Africa’s Agro-industrial revolution is gaining traction

By Gori Olusina Daniel, Africa PPP Advisory Services

Africa is on the cusp of a transformative shift in the global agro-industrial landscape. This, perhaps above anything else, has the potential to usher countries across the region into a new era of prosperity and inclusive economic growth.

The agricultural sector has long been the backbone of Africa’s economies, providing livelihoods to between 60–65% of the total population. In some countries, this percentage could be even higher, particularly in rural areas where agriculture is the primary livelihood for the majority of the population.

However, it is the integration of agro-processing into this equation that has the potential to drive transformative change – both in meeting domestic demand and driving exports. This is not something possible sometime in the distant future; it is already taking place.

A number of countries across the region are breathing new life into their agro-industrial sectors by investing in transport, trade, and industrial infrastructure, harnessing modern approaches, and fostering strategic partnerships. This is happening on the heels of the convergence of rising costs and growing consumer demand in Asia, the changing nature of global trade incorporating multiple stages of vertical value chains across multiple borders, the ability to source inputs as diverse as cocoa, sesame, cotton and lithium from countries across the region with increasingly astute governments that require investors to establish in-country processing capabilities that contribute to sustainable economic development in a manner not attainable by the previous primary product export approach.
Drawing inspiration from existing success stories, the continent’s strategic focus on agro-processing inspired and supported by the African Development Bank and its partners, holds the key to unlocking its full potential and propelling it towards inclusive growth.

One prime example of this transformation can be seen in Ghana. Historically renowned for cocoa production, companies like Cargill and ADM – a global agribusiness company, are sourcing cocoa beans locally and processing them into various cocoa products that meet international market demands. This move has not only boosted revenue but also generated employment opportunities and positioned Ghana as a significant player in the global chocolate industry.
Kenya’s burgeoning horticultural sector is driving agro-industrial innovations. Investments in post-harvest infrastructure, such as advanced packhouses and cold storage facilities, ensure the freshness and quality of exports. As a result, Kenya’s flowers, fruits, and vegetables have gained popularity in European markets, bolstering the nation’s economic growth.

Ethiopia’s commitment to agro-industrial parks has positioned it as a hub for textile and apparel manufacturing, targeted at investors seeking competitive capabilities. These parks offer integrated infrastructure and reliable electricity, attracting global investors, such as H&M – the Swedish fashion retailer and Inditek Group, the parent company of popular brands like Zara who have become key players in Ethiopia’s textile and apparel sector.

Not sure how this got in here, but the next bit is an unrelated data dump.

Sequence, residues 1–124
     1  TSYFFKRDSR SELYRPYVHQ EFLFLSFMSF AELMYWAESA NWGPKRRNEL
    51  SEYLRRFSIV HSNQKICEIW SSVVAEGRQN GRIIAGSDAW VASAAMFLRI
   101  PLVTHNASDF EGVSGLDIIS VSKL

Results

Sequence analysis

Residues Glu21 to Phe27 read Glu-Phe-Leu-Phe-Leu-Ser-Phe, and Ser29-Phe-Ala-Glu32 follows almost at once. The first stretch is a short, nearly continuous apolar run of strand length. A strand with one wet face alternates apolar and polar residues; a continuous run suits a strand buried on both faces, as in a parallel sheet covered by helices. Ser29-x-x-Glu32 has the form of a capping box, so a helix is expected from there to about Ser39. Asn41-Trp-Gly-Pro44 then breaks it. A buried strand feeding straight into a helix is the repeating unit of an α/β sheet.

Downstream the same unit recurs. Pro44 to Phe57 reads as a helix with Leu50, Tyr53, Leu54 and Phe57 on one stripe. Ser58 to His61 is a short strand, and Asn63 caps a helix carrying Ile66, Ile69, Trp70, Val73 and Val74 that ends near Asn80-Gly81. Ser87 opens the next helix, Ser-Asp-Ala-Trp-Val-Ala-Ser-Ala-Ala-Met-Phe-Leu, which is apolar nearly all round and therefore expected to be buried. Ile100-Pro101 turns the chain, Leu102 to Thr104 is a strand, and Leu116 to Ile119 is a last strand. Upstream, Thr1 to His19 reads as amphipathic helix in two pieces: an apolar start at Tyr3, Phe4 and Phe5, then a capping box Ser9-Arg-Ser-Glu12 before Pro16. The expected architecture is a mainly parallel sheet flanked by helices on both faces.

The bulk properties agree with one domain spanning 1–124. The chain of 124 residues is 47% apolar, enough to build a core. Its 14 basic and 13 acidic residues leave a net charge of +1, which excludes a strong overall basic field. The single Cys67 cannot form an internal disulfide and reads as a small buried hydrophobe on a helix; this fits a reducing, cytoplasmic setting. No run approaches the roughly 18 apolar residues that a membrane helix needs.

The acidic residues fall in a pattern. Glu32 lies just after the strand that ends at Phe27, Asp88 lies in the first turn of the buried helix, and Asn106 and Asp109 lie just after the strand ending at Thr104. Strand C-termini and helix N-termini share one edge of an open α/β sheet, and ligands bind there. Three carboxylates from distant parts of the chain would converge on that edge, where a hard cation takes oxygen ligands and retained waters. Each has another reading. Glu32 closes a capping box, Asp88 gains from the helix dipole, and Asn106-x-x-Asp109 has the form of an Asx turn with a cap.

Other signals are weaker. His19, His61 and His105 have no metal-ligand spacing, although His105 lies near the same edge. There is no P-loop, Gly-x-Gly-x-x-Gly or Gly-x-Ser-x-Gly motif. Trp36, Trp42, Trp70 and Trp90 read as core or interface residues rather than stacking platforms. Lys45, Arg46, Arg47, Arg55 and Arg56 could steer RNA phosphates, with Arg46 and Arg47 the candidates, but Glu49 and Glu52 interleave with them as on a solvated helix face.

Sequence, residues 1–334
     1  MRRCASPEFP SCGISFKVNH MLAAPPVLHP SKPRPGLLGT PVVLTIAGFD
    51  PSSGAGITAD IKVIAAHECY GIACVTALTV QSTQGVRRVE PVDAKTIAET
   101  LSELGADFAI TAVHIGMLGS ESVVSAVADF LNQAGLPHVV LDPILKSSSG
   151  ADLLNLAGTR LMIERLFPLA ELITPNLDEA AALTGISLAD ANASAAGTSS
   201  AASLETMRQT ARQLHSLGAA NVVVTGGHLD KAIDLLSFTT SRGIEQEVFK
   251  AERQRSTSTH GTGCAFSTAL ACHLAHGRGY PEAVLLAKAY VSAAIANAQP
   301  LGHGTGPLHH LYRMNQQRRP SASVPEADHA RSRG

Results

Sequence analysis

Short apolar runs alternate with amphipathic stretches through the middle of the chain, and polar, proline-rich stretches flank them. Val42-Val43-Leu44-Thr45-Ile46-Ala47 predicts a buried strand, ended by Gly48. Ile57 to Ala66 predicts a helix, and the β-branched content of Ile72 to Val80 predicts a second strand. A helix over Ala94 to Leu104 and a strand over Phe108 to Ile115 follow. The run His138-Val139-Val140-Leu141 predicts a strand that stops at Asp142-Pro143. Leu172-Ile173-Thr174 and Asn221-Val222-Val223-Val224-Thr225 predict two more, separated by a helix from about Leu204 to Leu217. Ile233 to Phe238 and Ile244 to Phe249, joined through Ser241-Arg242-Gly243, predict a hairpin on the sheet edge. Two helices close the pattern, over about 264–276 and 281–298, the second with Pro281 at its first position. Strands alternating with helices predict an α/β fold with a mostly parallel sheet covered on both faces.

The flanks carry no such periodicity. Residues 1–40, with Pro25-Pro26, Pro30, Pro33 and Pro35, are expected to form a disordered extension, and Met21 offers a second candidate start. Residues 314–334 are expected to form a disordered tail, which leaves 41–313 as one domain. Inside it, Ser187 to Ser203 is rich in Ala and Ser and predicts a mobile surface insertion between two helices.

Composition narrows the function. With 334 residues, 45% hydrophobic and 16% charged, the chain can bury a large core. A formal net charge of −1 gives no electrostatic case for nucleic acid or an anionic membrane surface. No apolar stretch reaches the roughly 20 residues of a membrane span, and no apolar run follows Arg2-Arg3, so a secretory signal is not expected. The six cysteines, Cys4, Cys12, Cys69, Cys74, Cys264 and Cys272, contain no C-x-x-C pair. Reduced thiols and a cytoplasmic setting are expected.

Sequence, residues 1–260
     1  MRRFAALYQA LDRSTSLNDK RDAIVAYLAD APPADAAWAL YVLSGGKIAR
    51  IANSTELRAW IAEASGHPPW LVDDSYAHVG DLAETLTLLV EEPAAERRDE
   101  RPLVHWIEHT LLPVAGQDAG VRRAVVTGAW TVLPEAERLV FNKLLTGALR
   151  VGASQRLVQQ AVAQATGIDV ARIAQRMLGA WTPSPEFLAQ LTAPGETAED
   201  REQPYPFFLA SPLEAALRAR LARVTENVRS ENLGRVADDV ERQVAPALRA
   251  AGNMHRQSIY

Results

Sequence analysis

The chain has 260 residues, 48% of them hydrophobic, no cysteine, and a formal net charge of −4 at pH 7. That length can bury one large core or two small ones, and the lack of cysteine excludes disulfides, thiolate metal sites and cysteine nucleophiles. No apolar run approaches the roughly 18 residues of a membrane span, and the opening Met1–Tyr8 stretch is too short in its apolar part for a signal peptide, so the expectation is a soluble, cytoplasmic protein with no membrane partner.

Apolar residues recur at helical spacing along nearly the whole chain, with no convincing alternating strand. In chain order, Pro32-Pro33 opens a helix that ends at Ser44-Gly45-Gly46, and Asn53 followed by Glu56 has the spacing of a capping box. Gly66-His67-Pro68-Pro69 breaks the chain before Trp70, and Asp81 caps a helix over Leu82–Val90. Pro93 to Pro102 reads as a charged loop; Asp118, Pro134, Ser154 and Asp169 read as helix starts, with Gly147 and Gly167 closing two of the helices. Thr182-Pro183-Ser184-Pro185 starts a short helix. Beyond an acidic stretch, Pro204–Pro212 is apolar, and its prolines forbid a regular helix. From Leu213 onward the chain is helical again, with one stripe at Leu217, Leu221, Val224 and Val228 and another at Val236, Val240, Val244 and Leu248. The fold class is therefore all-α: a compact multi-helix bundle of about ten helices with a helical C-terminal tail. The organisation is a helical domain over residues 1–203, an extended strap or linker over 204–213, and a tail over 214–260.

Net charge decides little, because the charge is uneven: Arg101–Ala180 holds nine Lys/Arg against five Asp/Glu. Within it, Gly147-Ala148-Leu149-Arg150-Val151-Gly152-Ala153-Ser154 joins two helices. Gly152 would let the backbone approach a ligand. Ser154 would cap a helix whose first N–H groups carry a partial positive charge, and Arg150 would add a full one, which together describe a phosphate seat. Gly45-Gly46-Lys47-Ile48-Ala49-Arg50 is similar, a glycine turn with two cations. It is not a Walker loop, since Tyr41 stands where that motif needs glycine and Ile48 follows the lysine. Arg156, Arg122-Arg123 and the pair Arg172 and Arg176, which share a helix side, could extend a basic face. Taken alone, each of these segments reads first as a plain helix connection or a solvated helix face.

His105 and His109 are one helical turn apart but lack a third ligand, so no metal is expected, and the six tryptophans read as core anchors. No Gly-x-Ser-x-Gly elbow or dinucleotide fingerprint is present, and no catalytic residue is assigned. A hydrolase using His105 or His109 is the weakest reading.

Nigeria has also taken strides in agro-industrial processing to add value to its abundant cassava production. And has successfully attracted firms such as South African based Tiger Brands, Olam International and Thai Farm International who source and produce cassava-based products for export to international markets. Domestically, besides large conglomerates like Dangote Group, small and medium-sized enterprises (SMEs) also now engage in cassava processing, producing flour, starch, and ethanol. This shift reduces reliance on raw cassava exports and creates economic opportunities in rural communities.

Leveraging its livestock resources, Tanzania has ventured into agro-industrial leather processing, attracting Investments in modernizing tanneries and promoting value-added leather products from firms such as Turkish-based Ranisa (T) Limited, German based Westerlohoiz and Mega Leather Cluster Ltd – a consortium of Indian investors, all of whom are involved in the production of finished leather and leather products for export.

The factors behind the success of these interventions, mirror the experience of the East Asia Tigers in the 1980s and 1990’s. And highlight the need for national and sub-national governments to prioritize infrastructure development, skills training, private sector development, strategic partnerships (e.g. PPPs) through market linkages, trade agreements and other market engagement activities, as well as deepening business climate reforms, promoting policy stability, coherence and government coordination.

In reality, the resources, political capital and execution capacity to deliver these initiatives and reforms broadly and to the degree required to promote and sustain investor confidence are often short of what is required. The solution is to size programmes/schemes (such as agro-industrial parks) to match the capacity of national and sub-national governments to deliver, with the aim of scaling up successes as they are realized.


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